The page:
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  • Andrew Cowell


History tells us that the “Total Involvement,” or “Shortboard Revolution” exploded onto the surfing world stage when Australian, Nat Young won the 1966 World Surfing Championships at San Diego, California’s Ocean Beach. Nat, with his gunslinger attitude, came prepared. He rode a short, thin, narrow, extremely foiled 9’4” surfboard, (most contestants were riding the standard ten footer) dubbed Magic Sam. Competitors, media, and spectators alike witnessed Nat’s staccato bursts of speed and maneuverability as he pin-balled his way to victory; the harbinger of death for the longboard and the hang-ten posing Americans.

Truth be told, the insemination of the Shortboard Revolution’s seed occurred two years prior to Nat’s victory. In ’64, the inquisitive, innovative, trailblazing George Greenough visited friend and California expat Bob “The Beaded Barb” Cooper in Australia. George, traveling with his cameras and balsawood “spoon” kneeboard “Velo” with its tuna tail inspired flexible fiberglass fin, was introduced to the itinerate surfer/shaper Bob McTavish and others who were gobsmacked by the other worldly surfing performances of Greenough. Bob McTavish from his biography, STOKED: “I witnessed George kick into a six-foot wave and get to his knees in a snap. He took off fast, his right arm flying, his left grabbing the front rail of the short kneeboard. With all the speed he gained form the drop, he planted a hard bottom turn, and shot forward along the hovering wall. But he didn’t run straight along it as we would have on our big boards. No! He carved back up into the pit. Again he drove off a long bottom turn, and flew along the threatening section. Amazing surfing. So fast! And those turns! Most impressive… I gotta get me some of that speed and acceleration.” The only real stumbling block to Greenough’s approach, McTavish later lamented, was Miki Dora. “He was so darn cool! His walking, trimming, and noseriding style.”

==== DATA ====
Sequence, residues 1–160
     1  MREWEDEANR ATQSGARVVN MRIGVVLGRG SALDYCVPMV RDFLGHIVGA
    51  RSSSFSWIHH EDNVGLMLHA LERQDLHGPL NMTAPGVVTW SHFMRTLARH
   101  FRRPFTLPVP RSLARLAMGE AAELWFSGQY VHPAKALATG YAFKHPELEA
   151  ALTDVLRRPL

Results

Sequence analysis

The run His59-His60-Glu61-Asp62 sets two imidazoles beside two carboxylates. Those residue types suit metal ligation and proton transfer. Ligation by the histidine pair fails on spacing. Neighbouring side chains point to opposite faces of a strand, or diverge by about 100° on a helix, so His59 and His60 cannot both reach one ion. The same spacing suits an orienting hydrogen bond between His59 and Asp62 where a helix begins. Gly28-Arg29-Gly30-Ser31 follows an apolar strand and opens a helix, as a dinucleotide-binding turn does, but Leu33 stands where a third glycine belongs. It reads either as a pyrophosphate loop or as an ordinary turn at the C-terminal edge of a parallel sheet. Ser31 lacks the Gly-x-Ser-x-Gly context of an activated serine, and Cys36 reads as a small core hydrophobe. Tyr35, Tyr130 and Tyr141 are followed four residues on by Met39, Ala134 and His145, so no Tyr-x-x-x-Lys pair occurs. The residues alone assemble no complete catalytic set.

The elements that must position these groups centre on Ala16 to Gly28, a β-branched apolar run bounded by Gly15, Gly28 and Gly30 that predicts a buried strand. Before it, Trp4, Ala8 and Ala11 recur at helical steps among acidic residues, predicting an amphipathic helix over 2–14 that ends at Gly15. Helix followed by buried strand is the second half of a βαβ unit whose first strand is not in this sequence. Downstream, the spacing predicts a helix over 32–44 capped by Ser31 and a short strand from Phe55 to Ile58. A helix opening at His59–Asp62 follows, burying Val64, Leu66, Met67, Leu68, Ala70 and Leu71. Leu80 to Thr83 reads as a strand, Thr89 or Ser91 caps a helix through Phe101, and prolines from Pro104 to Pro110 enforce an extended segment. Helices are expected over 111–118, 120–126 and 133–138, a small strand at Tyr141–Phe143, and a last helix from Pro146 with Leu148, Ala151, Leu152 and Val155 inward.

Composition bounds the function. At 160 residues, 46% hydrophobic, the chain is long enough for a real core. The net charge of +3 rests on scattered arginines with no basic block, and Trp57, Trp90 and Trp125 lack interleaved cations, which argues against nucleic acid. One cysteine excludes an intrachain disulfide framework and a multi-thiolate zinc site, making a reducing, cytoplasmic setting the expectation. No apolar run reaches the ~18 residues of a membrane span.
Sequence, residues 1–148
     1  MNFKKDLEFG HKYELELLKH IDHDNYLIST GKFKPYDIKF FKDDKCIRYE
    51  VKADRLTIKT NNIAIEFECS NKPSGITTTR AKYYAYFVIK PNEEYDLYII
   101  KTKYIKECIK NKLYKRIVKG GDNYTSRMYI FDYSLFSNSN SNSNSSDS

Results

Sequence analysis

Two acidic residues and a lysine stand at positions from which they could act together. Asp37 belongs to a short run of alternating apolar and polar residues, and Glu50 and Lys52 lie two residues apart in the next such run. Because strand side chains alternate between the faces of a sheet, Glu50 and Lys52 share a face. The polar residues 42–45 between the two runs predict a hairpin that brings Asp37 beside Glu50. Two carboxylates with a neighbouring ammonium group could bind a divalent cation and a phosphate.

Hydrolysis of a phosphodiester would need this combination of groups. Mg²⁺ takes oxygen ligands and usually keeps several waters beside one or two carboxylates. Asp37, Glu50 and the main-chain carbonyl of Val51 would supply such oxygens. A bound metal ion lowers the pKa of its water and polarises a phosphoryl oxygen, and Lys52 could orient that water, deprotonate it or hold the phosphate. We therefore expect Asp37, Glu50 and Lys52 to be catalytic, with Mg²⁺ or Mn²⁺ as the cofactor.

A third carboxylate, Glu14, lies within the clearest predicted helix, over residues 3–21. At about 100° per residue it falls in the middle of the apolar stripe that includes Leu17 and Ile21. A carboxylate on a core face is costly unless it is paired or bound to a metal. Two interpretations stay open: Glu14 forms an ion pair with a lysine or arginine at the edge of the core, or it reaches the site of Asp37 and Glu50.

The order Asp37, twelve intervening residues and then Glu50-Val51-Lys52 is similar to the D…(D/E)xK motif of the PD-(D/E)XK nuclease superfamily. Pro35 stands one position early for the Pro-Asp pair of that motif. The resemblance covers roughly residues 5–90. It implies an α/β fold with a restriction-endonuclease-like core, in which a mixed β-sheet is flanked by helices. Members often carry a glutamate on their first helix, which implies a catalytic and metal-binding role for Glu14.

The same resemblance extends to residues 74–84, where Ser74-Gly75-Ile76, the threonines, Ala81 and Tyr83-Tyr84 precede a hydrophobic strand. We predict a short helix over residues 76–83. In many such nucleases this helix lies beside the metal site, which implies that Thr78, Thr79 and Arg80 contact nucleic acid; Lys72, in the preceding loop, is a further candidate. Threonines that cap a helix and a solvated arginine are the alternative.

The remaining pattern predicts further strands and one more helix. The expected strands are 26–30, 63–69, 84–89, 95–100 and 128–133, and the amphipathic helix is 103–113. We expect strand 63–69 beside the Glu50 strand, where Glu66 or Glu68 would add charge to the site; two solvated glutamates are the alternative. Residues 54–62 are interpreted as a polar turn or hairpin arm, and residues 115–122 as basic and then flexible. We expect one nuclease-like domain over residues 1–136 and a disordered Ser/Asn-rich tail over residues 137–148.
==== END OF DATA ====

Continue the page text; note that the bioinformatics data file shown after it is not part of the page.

Photograph - John Witzig -

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